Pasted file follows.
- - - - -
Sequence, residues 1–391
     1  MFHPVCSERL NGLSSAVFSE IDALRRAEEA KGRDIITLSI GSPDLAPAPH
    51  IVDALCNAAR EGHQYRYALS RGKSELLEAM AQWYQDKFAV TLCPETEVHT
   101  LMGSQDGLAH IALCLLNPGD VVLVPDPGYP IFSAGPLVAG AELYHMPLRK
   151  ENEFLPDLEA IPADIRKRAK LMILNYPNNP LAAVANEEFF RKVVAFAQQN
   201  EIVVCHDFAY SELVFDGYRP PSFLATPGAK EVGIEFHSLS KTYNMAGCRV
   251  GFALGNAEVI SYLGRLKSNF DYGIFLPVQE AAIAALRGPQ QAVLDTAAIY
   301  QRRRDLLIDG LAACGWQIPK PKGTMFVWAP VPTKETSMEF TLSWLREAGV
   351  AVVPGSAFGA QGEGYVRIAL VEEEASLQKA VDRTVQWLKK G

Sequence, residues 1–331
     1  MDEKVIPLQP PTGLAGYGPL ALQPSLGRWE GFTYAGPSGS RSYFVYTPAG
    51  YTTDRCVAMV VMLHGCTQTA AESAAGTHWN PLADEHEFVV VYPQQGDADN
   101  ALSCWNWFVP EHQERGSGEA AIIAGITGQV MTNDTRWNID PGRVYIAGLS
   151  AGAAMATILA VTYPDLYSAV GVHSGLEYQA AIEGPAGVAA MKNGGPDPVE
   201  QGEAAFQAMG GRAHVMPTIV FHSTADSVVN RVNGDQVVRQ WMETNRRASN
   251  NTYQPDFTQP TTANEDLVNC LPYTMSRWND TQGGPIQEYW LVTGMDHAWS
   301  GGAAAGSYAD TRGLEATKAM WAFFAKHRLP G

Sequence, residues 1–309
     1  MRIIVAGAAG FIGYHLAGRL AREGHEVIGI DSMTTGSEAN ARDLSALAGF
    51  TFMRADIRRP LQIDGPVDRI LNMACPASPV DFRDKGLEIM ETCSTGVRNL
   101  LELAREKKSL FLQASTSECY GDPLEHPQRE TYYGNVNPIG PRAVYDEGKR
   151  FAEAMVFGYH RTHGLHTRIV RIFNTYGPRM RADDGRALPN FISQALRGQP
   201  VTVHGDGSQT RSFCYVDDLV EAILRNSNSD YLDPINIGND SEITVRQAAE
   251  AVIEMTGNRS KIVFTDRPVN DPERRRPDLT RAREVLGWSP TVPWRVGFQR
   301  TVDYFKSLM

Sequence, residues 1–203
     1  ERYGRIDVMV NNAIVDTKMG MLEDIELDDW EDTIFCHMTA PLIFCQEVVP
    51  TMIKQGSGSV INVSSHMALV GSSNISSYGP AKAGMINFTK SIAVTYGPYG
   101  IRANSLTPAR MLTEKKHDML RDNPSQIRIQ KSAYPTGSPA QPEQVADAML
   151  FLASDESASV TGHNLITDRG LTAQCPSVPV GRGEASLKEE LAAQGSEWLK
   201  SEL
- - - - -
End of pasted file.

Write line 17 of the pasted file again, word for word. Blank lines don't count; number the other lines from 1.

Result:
   301  GGAAAGSYAD TRGLEATKAM WAFFAKHRLP G